Amidst today's highly cyclical truckload market, shippers are faced with the challenge of constructing robust transportation networks that can weather the storms of capacity crises. As the market's volatility continues to rise, the need for shippers to strategically allocate their lanes becomes increasingly apparent. This is where the idea of shippers awarding 50% or more of their lanes to great brokers comes into play. This shift in strategy not only enhances scalability but also fosters resilience in the face of market fluctuations.
In the realm of transportation, data is king, and balance is key. The prevailing wisdom has often leaned toward relying heavily on carriers (“asset-based providers”) to fulfill capacity needs. However, a shift has been occurring over the past decade, emphasizing the significance of balance between carriers and brokers. For the first time in modern history, over 50% of all drivers today drive for fleets who control on average 5 trucks! You simply cannot depend upon large carriers to support business in good times and bad. Understanding this data then, the magic formula lies in the 50/50 volume standpoint - a strategy that might seem unconventional but holds transformative potential. This balance ensures that the shipper leverages the strengths of both brokers and carriers, maximizing its flexible and adaptable transportation network.
For shippers to truly capitalize on this approach, they must understand a crucial element: not just any 50% of lanes will suffice. It's not about relegating low volume lanes to brokers; it's about embracing a strategic blend. The goal is to empower brokers with substantial lanes, and here's why: when the market shifts and the need for scalability arises, brokers armed with high-value lanes become integral. The carriers underwriting the broker lanes see the shipper as a critically important customer and will give added capacity to the shipper as soon as the large asset-based carriers begin rejecting tenders. Big carriers are rejecting loads sooner in market swings, and in higher percentages because (a) their biggest customers demand their attention as other carriers leave them struggling, and (b) large carriers begin offering more of their capacity to the spot market, where rates are higher, and returns are lush. With brokers ingrained into your volume, they and their smaller fleets can scale up more seamlessly as the big carriers begin their rejections.
Shippers who hesitate to award a sizable portion of their lanes to brokers will find themselves facing dwindling tender acceptance rates from carriers sooner in the next market swing, and paying spot prices to gain that needed capacity. If brokers are entrusted solely with low-volume lanes, then the carriers who are supporting that business only see low-volume, sporadic business and thus do not view the shipper as a significant investment. However, by awarding 50% of the volume to carriers and 50% or more to brokers, shippers establish themselves as key players, increasing the likelihood of their freight being prioritized.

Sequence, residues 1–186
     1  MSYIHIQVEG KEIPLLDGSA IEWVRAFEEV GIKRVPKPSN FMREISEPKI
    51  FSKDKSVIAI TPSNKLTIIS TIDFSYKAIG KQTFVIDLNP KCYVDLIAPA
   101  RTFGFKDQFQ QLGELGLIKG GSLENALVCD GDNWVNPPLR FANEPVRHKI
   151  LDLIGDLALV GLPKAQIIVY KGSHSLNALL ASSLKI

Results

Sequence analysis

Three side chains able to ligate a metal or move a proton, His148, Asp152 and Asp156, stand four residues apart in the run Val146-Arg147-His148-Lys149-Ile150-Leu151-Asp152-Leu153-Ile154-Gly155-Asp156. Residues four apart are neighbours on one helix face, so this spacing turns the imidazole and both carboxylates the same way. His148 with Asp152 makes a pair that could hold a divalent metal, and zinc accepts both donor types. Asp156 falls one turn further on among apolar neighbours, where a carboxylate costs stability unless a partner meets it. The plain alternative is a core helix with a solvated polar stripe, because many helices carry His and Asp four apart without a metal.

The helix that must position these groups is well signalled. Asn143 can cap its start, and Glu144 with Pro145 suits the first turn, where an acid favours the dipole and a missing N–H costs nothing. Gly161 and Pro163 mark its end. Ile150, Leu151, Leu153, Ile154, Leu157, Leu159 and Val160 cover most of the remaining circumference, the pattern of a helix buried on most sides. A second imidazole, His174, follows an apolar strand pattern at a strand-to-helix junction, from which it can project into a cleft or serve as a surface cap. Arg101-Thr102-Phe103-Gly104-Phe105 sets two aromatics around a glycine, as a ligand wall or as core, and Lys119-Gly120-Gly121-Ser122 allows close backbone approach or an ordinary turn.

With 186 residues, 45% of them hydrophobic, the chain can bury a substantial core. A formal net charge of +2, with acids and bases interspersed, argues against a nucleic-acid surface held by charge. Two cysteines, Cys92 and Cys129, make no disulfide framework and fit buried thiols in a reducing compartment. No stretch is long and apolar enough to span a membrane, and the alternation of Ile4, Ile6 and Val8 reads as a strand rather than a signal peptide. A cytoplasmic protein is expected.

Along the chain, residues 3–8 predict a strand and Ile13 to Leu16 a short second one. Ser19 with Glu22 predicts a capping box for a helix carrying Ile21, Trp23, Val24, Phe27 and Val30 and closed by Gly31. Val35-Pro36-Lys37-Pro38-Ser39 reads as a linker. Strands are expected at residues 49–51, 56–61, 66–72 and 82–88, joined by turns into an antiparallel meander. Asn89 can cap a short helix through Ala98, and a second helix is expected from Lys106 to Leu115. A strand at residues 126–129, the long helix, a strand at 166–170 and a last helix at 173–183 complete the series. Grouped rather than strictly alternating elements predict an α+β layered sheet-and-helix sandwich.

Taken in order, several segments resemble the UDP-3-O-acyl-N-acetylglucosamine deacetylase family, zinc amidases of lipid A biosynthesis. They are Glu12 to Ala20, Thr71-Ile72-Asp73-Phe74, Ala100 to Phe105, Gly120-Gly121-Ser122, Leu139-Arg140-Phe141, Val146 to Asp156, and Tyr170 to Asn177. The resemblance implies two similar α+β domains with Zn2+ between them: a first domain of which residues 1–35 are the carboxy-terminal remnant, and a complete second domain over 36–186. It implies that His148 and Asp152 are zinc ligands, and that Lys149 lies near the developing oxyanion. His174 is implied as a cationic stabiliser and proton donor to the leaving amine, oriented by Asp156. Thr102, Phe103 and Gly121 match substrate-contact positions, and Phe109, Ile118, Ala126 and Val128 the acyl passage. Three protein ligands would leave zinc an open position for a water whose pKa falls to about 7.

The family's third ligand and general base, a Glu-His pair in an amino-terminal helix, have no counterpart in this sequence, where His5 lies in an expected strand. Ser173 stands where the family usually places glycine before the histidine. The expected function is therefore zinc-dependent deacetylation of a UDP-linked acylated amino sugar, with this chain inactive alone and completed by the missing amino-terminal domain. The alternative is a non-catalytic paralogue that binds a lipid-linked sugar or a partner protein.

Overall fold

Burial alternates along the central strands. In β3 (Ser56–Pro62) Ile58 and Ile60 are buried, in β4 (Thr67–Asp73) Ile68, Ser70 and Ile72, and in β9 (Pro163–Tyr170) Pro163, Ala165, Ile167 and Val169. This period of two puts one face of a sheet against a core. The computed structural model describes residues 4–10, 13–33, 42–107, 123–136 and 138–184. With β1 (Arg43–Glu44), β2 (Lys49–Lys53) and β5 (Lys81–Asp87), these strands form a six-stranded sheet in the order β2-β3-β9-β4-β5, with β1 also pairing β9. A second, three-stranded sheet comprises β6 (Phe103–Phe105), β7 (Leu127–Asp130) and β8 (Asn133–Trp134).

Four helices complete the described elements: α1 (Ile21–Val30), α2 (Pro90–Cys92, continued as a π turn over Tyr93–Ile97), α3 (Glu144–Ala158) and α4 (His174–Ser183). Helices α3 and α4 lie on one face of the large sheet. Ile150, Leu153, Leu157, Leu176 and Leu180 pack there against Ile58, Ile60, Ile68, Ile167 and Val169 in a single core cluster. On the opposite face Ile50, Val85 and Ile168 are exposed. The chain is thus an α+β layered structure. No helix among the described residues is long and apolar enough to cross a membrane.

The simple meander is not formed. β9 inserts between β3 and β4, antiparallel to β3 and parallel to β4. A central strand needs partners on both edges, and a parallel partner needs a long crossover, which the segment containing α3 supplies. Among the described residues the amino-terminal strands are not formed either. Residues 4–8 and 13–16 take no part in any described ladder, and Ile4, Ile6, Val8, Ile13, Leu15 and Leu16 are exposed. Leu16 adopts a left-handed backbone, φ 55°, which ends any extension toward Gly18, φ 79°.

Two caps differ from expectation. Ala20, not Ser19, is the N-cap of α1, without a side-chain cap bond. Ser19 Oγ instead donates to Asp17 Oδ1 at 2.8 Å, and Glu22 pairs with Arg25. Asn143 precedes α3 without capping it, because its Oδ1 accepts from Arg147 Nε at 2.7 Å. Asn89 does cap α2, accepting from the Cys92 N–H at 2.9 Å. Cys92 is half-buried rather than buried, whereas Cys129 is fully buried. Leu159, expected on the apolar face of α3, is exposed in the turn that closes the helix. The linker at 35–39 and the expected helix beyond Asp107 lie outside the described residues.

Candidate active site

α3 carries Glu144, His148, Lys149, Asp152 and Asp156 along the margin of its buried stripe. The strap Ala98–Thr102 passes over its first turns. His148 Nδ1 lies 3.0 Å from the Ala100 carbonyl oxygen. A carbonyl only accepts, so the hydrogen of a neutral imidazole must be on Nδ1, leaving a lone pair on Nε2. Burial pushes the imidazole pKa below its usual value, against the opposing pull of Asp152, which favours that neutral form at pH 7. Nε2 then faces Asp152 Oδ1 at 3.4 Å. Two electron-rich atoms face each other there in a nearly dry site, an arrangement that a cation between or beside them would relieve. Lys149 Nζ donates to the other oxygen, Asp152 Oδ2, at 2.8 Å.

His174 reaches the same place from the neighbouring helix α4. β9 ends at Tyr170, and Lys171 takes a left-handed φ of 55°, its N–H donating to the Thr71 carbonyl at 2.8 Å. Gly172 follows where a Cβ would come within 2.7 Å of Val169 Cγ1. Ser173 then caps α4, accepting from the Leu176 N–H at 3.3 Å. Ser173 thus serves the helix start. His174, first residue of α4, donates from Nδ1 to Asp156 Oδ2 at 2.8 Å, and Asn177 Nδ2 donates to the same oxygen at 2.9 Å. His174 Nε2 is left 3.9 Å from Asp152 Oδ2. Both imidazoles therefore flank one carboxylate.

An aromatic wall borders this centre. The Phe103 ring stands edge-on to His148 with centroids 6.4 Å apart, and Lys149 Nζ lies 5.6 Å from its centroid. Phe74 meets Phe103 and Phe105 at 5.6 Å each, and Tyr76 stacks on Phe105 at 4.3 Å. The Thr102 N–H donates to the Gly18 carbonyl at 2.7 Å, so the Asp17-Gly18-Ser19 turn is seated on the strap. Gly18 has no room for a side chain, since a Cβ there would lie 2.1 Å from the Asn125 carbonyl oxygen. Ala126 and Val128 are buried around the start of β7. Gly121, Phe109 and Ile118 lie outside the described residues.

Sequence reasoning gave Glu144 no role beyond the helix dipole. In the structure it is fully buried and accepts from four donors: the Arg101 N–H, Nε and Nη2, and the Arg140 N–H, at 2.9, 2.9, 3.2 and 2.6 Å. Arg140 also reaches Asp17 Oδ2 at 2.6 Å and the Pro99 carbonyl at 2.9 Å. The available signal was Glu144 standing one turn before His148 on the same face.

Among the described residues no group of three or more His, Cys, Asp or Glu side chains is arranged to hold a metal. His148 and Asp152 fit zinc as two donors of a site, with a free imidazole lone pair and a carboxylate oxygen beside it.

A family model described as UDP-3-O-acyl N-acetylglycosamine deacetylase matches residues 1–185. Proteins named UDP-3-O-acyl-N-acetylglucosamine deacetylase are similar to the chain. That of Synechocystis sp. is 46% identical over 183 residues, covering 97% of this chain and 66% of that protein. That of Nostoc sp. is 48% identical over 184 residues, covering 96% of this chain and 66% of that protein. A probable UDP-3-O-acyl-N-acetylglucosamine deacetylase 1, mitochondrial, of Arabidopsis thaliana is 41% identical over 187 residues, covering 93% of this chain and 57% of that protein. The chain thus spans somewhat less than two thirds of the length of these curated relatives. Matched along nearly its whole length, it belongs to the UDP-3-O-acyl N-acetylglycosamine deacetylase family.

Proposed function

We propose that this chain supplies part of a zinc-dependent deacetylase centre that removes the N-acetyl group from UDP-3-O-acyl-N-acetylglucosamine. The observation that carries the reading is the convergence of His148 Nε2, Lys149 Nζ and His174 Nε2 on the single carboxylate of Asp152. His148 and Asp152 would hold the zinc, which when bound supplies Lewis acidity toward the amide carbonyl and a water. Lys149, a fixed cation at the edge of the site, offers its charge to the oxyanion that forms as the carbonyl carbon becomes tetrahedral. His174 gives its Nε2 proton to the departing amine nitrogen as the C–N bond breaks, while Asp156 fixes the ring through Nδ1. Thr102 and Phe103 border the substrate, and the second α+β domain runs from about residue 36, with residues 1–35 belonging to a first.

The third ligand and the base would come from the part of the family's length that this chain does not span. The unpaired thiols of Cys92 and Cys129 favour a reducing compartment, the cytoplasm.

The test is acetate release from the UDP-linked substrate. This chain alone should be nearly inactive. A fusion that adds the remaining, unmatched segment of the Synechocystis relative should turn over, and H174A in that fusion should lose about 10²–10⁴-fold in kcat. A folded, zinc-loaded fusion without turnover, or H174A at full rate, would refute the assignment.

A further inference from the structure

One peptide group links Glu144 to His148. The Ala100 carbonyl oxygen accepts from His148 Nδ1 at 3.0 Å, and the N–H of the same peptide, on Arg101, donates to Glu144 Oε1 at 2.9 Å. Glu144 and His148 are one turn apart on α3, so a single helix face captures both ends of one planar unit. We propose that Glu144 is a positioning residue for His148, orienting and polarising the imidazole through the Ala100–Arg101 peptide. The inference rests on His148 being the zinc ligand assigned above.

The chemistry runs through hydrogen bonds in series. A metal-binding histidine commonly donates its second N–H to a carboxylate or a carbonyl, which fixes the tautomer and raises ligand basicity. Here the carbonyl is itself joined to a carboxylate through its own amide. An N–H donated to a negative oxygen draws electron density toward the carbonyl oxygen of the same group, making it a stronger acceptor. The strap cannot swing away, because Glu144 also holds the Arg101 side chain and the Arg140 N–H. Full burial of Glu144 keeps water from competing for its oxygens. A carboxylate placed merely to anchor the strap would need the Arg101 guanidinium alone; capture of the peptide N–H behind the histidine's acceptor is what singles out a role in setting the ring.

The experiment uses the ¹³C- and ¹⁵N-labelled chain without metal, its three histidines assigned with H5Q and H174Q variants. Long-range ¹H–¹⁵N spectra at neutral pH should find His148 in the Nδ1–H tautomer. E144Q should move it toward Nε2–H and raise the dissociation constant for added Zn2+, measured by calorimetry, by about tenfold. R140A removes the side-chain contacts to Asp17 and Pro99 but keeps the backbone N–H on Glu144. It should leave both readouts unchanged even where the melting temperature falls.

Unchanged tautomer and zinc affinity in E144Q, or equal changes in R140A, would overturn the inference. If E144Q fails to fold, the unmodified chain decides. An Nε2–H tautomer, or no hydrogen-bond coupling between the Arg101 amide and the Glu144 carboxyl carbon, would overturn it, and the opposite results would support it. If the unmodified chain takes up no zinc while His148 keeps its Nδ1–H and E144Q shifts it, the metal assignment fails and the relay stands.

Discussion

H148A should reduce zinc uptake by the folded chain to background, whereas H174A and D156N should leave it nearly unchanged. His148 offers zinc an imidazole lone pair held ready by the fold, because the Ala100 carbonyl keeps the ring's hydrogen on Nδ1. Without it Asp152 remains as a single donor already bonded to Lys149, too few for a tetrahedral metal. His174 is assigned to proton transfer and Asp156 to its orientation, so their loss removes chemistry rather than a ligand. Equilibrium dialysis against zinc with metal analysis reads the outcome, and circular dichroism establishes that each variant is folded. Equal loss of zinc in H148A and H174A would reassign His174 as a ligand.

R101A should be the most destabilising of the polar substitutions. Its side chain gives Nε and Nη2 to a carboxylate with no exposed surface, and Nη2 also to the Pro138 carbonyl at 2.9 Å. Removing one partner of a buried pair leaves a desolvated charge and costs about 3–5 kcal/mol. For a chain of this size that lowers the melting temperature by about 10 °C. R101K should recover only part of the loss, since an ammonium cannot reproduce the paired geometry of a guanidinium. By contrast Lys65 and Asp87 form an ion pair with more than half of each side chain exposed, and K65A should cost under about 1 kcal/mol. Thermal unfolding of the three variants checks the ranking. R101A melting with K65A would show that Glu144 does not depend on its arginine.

The concept of allocating 50% or more of lanes to brokers isn't just about numerical distribution; it's about perception. By entrusting brokers with high-value lanes, shippers convey that they consider brokers as valuable extensions of their logistics strategy. This shift in perspective can lead to increased investment from carriers and brokers alike, enhancing the overall efficiency of the transportation network.
In a market that ebbs and flows, resilience is a shipper's most potent weapon. The concept of awarding lanes based on both price and service is instrumental in fostering this resilience. Shippers should conduct quarterly mini-bids on all lanes where service falls below their Key Performance Indicators (KPIs). Following these steps will ensure shippers can navigate the cyclical nature of the market more effectively.
In an era where the transportation landscape is characterized by its unpredictability, shippers must embrace innovation. Shippers who adopt a 50/50 volume allocation strategy position themselves to navigate these cycles more effectively. If you want scale and flexibility, the carriers your broker uses needs to feel the weight of you, the shipper, as its customer too. By recognizing brokers as partners who can contribute to scalability, flexibility, and resilience, shippers can forge a path to success, even in the face of market volatility. The time to act is now – to build a future-proof transportation strategy that will weather any storm.
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